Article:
Dealing with COVID-19 was not on Bob Googe’s list of things to do on Tuesday, but his plans quickly changed. The Jittery Joe’s owner spent his entire work day managing the potential fallout after an employee at a campus location tested positive for the virus.
The employee, who works at Jittery Joe’s in the University of Georgia Science Library, reported a positive test on Tuesday. The individual last worked at the Athens-based coffee shop on Aug. 28, Googe said.
Seven Jittery Joe’s employees who were in close proximity to the worker didn’t immediately return to work. Googe said that UGA’s procedure mandates exposed campus employees to isolate for 10 days or wait 24 hours after a negative COVID-19 test while showing zero symptoms.
About a week before the positive test, Jittery Joe’s had another on-campus scare. The university told Googe that an individual with COVID-19 listed Jittery Joe’s at the Miller Learning Center as a place they had visited. Tables and other furniture at the MLC have been spaced out to accomodate for social distancing.
UGA couldn’t say if the individual was an employee, customer or someone else. Googe said the university also couldn’t relay the time of the incident, only the day.
“That’s the stuff we’re dancing with,” Googe said. “There’s squishy information, little information or no information at all. We’re doing the best we can.”
When Googe learned about the positive tests, he had a decision to make. He could either close the coffee shop while waiting for UGA to sanitize it or he could pay for it himself. He paid for it himself both times, disinfecting the property with Permea-Pure.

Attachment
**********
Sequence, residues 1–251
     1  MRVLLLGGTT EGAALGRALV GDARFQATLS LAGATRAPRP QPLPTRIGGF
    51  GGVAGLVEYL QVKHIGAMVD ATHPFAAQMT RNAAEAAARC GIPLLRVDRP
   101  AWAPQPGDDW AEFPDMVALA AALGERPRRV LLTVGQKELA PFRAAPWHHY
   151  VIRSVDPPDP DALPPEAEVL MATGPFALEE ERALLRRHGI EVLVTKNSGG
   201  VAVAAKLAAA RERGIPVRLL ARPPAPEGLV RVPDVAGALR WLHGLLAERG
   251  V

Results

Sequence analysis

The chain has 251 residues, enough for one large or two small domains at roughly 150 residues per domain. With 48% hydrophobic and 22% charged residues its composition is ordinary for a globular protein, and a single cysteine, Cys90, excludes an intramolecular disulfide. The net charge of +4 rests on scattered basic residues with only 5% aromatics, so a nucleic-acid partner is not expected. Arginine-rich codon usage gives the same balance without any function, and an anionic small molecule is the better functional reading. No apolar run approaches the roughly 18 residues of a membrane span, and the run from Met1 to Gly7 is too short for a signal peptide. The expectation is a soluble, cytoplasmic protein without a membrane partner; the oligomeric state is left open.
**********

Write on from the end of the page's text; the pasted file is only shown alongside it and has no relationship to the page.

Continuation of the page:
Closing wasn’t an option. Googe said revenue for on-campus locations has dropped 75% compared to this time last year. Although Jittery Joe’s didn’t have to close had it waited for UGA’s sanitation services, Googe said staying open without sanitizing would have been too big of a risk.
Business at Jittery Joe’s off-campus locations without drive-thrus has been down anywhere from 20%-60%, Googe said. Those locations mandate masks to be worn inside while not eating or drinking, according to the company’s Instagram.
Operating shops at UGA has more complications, but Googe said the experience has been an overall positive one since in-person school resumed.
“Working with the university, I have to say, has been spectacular,” Googe said. “Bryan Varin [Executive Director of Dining Services] — you might as well put an S on his chest and a cape on his back. He calls me back [and asks], ‘What do you need, how can I help?’”